The Relentless Banality of Bill Gates's Mind
Like its author, How to Prevent the Next Pandemic breaks new ground in being terrifying, tedious and obtuse all at the same time.
Today is the day that nobody anywhere has been waiting for: Bill Gates’s wretched new book, How to Prevent the Next Pandemic, hit the shelves.
In case you were wondering whether the world’s most malevolent philanthropist had learned any lessons at all from the past two years of absurdist apocalyptic catastrophe, multidimensional failure, and wilful social and economic destruction, wonder no more: The dusty, poorly illuminated beige space that is Gates’s brain thinks our response has been fantastic, and he wants to do all of it more and harder the next time around. More testing, more tracing, more lockdowns, more pandemic planning, more epidemiologists, more technology, more vaccines, more models, more everything.
He lays out his case for repeating our unprecedented and expensive failures in a bizarre, cloying childish prose, punctuated spasmodically by weird little sketches.
He wants us to “Learn from COVID” (Chapter 1, on why we need to repeat all our failed policies in the future, only in more extreme form); “Create a pandemic prevention team” which he proposes to call GERM (Chapter 2); “Get better at detecting outbreaks early” (Chapter 3 on testing everything always and everywhere); “Help people help themselves right away” (Chapter 4, on nonpharmaceutical interventions, because I guess “helping” is a better euphemism for nationwide house arrests than “lockdowns”); “Find new treatments fast” (Chapter 5); “Get ready to make vaccines” (Chapter 6); “Practice practice practice” (Chapter 7, on the importance of more tabletop exercises and pandemic planning events); “Close the health gap between rich and poor countries” (Chapter 8); and “Make – and fund – a plan for preventing pandemics” (Chapter 9). Gates has obviously thoroughly enjoyed the past two years, and he’s very hopeful he’ll live to botch another pandemic.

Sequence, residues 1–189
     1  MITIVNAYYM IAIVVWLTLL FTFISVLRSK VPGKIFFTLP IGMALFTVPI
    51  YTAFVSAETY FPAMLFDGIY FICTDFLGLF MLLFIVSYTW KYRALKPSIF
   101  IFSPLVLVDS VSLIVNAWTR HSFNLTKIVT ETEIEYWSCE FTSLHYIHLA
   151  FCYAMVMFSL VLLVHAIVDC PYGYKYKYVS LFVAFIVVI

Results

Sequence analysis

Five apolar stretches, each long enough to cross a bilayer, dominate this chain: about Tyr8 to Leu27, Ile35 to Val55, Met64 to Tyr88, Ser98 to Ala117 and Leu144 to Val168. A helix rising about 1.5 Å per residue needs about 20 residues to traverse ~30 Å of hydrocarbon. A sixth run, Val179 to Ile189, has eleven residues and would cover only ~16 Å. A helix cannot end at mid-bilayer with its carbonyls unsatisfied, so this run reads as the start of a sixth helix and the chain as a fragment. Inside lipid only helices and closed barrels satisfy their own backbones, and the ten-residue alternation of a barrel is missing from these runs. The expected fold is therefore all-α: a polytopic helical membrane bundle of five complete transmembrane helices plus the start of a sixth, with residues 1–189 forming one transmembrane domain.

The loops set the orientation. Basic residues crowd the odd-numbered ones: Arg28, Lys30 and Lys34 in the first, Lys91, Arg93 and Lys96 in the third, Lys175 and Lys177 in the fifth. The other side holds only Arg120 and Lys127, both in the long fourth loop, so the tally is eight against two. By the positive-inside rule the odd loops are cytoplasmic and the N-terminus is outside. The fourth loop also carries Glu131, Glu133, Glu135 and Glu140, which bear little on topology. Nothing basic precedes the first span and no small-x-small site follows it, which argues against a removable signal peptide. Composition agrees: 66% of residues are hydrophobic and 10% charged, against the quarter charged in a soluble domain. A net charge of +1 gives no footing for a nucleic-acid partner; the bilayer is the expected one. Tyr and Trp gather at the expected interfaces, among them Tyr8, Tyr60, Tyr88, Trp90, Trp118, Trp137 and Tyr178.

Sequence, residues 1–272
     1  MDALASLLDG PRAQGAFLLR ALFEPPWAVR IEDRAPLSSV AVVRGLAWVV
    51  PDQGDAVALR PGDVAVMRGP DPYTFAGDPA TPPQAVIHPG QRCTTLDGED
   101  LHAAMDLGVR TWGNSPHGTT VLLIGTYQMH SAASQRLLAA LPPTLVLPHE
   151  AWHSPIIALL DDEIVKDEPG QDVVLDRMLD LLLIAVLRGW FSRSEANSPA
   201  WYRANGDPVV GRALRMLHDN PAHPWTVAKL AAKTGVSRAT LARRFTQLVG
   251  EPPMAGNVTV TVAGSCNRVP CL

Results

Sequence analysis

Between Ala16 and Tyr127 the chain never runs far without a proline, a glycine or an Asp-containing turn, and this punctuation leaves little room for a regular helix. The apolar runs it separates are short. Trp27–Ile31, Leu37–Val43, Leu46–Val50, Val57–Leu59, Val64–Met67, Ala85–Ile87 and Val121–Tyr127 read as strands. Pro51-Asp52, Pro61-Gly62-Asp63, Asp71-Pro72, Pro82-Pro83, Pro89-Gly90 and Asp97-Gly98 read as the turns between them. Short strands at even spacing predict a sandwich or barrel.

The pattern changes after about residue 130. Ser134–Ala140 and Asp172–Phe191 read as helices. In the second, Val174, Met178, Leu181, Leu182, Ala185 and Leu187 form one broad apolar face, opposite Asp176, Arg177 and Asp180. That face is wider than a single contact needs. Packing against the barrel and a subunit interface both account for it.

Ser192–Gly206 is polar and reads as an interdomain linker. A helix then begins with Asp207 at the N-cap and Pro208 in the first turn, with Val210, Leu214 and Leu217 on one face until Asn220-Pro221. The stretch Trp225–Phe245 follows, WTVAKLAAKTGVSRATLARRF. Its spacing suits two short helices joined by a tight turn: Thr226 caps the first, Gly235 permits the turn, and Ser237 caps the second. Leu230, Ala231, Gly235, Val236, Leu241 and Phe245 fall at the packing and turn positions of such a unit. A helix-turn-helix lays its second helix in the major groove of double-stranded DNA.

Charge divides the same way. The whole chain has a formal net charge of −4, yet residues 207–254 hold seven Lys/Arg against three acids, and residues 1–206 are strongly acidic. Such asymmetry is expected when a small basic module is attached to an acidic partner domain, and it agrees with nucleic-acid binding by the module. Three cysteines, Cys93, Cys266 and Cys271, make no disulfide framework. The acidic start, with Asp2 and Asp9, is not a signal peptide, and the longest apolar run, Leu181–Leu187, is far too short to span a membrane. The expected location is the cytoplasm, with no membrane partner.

I don’t know if a full review of this garbage is worth the trouble, but there must be some commentary on the astonishing stupidity of this book. Let’s see what Gates has to say about masks – a good litmus test for any commentator, since masking has proven to be unambiguously worthless:
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